News & Election Videos

HL:Harper's vision of how to form a government undermined by constitutional facts@

Heather Scoffield@

OTTAWA _ The claim: According to Conservative Leader Stephen Harper, only the party that wins the largest number of seats is allowed to form government in Canada.

The quote: "You said in your statement that the party that wins the most seats would get to try first. Then you think you'd all get together, vote against it and replace the government. That's not how our system is supposed to work in this country." _ Stephen Harper in a heated exchange with Liberal Leader Michael Ignatieff.

The truth/reality: "That's invented. There's so much cuckoo around this." _ exasperated parliamentary expert Ned Franks from Queen's University in Kingston, Ont.

"The main rule is that Parliament decides." _ constitutional expert Peter Russell from the University of Toronto.

The context: Harper has argued repeatedly that if his party has the most seats, his party should form the government.

But parliamentary democracies don't necessarily work that way _ as Harper himself recognized in 2004 when he met with the NDP and the Bloc Quebecois to offer an alternative to the minority Liberal government.

"I would not want the prime minister to think that he can simply fail in the House of Commons as a route to another general election. That's not the way our system works," Harper said at the time.

A government must have the confidence of the House of Commons in order to remain legitimate. But if Harper's Conservatives have the most seats on May 3, they still need the support of the majority of the House of Commons in order to form government.

If Harper loses that confidence, there are two choices, explains Russell. He can ask the Governor General to hold another election. Or the Governor General can look for another option among the other parties.

"And there," says Russell, "the story gets interesting."

The Liberals would have to show that they could muster up the numbers to maintain the confidence of the House for a reasonable amount of time.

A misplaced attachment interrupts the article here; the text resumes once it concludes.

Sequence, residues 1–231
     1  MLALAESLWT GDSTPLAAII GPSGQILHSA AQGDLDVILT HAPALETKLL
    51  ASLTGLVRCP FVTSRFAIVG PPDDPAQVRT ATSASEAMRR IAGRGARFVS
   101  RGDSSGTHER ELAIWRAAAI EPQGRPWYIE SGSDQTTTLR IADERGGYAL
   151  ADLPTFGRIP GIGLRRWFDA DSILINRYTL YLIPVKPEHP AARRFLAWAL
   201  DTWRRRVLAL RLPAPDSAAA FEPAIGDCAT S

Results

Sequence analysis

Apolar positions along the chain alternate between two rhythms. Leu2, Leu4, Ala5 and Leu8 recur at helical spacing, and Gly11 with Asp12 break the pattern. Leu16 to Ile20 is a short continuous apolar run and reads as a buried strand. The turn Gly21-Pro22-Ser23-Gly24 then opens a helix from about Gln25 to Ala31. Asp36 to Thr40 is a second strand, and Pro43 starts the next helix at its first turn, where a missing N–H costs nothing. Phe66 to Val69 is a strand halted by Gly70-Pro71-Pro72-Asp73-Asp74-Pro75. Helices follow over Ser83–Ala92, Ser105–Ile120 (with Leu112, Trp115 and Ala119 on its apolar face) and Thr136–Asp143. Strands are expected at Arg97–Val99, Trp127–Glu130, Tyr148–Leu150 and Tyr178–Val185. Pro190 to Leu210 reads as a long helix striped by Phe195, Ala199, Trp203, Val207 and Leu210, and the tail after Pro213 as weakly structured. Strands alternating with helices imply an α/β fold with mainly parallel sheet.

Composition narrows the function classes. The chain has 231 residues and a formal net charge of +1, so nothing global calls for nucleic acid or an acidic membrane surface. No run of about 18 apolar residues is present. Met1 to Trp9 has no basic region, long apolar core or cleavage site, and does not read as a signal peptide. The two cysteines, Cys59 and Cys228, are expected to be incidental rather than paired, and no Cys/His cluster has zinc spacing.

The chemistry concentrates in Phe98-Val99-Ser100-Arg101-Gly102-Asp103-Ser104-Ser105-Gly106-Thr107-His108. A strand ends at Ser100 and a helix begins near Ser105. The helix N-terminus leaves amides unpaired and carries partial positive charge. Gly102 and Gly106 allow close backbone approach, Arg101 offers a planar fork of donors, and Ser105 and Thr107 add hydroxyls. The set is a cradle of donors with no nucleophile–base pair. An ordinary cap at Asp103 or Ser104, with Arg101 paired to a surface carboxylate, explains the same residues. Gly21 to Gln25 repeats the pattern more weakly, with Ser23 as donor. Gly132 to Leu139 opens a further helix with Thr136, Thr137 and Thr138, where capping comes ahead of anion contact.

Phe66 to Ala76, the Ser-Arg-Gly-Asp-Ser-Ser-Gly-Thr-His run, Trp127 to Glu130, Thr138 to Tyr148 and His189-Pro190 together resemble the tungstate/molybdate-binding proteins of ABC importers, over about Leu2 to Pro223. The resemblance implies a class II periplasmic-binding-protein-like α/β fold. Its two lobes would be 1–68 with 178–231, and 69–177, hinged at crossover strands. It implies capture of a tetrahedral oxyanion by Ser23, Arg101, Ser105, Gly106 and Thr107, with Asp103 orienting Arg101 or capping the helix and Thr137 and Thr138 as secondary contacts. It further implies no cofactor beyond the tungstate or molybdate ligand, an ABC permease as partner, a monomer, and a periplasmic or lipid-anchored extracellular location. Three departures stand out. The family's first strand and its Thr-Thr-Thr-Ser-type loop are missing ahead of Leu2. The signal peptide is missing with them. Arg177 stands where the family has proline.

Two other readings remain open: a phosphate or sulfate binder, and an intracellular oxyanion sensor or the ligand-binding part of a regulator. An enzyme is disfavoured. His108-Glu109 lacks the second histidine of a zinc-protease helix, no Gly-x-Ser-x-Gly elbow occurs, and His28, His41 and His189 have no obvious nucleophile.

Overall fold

That can happen one of two ways: with a formal coalition government, or by lining up the support of another party or two on a less formal basis.

"But the Governor General needs to have a pretty compelling case" to not force another election, Russell says.

That's where the rules of how to form a government get a bit murkier, says Graham Fox, a former Harper adviser who heads the Institute for Research on Public Policy.

The Governor General needs to weigh whether the second-place party has enough legitimacy and public support to form a government. And there are no hard and fast rules for those decisions in Canada, Fox says.

"We're experimenting."

While politicians may be tempted to look at which party lays claim to the highest popular vote, it is in fact irrelevant when it comes to forming a government in Canada, counters Franks.

"The only rule is, you have to have the majority of the House. Period."

It's no wonder Harper is hoping his party wins the most votes and form the next government, says Franks _ but wishing or "distorting the Constitution" doesn't automatically make it so.

There's a bit of a loophole that Harper could use to hang on to power, warns Russell.

Regardless of who wins the most seats May 2, Harper will still be the prime minister the following day and will officially remain so until he meets the House of Commons.

Typically, newly elected leaders do that within 75 days of an election, but there is no firm rule or convention, Russell says. When Joe Clark won the 1979 election, he dragged his heels for 140 days before recalling Parliament.

"There's something very wrong with that."

The Associated Press